Drones assess South Carolina storm damage in early show of technology’s potential

A drone operated by the S.C. Department of Transportation shows flooding on the Sampit River near Georgetown. Several companies and government agencies are using unmanned aircraft to assess damage from Hurricane Matthew in one of the technology’s first real-life tests.

A drone operated by the S.C. Department of Transportation shows flooding on the Sampit River near Georgetown. Several companies and government agencies are using unmanned aircraft to assess damage from Hurricane Matthew in one of the technology’s first real-life tests. PROVIDED/S.C. DEPARTMENT OF TRANSPORTATION
by Thad Moore

Drones have buzzed all around the Carolinas in the days since Hurricane Matthew made landfall north of Charleston, hovering above beaches, bridges and homes as the region works to assess the storm’s damage.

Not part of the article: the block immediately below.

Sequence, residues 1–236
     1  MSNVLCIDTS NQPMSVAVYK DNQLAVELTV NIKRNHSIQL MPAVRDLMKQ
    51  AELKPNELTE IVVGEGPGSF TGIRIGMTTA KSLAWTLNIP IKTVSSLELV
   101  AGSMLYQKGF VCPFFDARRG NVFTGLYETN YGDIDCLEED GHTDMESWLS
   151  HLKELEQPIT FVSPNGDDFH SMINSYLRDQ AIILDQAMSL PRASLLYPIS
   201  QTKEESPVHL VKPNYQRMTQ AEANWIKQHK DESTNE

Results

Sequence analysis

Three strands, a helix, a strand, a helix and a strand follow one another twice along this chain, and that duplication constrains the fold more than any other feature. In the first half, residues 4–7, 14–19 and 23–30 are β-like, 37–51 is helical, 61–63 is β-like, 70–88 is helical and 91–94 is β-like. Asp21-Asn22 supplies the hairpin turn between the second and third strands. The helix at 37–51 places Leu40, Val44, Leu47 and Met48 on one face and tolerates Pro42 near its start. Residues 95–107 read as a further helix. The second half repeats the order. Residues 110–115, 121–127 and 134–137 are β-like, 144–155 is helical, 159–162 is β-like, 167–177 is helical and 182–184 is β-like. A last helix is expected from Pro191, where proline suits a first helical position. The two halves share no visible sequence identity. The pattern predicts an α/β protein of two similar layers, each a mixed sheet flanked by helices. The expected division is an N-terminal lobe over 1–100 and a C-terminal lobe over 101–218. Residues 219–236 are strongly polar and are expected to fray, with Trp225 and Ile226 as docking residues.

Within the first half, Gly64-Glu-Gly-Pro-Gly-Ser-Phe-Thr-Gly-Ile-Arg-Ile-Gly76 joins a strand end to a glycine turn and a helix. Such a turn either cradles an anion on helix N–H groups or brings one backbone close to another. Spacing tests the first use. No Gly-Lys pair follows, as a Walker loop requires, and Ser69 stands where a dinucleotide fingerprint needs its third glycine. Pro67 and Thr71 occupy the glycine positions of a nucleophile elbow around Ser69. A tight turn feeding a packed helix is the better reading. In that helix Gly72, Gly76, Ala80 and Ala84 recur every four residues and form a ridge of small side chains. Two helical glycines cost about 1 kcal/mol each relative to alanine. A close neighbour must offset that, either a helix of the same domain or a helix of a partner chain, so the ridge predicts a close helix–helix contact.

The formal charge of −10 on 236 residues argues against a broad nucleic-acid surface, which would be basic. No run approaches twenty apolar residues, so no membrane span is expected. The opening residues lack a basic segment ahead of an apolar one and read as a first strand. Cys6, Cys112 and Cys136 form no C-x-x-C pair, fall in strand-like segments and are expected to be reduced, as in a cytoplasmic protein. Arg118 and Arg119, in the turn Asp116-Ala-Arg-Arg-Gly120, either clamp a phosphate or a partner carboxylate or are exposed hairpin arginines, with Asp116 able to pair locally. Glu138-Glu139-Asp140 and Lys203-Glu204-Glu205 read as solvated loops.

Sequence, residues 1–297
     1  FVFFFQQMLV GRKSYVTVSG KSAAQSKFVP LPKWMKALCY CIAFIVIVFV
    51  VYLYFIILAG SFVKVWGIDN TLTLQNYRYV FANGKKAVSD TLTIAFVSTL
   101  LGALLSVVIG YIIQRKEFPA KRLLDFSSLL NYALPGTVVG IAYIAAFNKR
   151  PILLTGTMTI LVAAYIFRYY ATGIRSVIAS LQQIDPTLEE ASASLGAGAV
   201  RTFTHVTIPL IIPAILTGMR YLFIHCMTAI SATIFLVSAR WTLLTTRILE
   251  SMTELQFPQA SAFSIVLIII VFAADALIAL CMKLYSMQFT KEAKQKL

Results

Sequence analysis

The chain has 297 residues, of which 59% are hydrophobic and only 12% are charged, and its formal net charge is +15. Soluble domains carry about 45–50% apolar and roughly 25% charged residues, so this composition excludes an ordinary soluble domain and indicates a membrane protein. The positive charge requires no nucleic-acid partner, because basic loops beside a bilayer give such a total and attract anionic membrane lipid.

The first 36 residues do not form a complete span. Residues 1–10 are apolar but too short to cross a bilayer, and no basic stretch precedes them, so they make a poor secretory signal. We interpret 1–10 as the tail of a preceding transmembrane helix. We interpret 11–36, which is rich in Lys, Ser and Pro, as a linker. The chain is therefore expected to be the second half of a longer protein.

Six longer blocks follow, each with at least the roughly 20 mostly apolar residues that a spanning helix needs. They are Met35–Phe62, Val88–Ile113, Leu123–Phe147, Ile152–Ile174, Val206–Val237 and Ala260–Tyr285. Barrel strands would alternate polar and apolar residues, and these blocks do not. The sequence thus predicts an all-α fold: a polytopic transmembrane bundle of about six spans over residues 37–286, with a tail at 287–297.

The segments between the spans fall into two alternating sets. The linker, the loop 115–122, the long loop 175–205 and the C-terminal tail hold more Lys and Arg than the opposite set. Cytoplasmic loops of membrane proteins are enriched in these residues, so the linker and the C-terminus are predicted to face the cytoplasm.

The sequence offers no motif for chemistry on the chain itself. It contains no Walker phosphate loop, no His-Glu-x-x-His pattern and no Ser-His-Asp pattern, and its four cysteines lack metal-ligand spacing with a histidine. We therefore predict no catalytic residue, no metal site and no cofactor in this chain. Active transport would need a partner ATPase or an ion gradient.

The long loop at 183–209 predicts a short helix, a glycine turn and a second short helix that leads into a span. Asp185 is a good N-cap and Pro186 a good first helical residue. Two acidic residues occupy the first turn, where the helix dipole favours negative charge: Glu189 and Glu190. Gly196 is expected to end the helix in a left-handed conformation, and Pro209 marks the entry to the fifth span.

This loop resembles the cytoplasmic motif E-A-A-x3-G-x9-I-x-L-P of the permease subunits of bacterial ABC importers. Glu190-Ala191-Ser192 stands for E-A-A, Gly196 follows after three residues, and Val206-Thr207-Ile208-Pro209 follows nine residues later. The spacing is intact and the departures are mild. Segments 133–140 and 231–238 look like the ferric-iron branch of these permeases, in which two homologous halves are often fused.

The flights represent some of the first real-world displays in the U.S. of how the technology can be used in the aftermath of a natural disaster. The hurricane made landfall less than two months after federal regulators loosened their rules for commercial drone flights, removing long waits for permission to fly and making it easier for businesses such as wireless phone providers, insurers and the news media to use aircraft to assess the situation.

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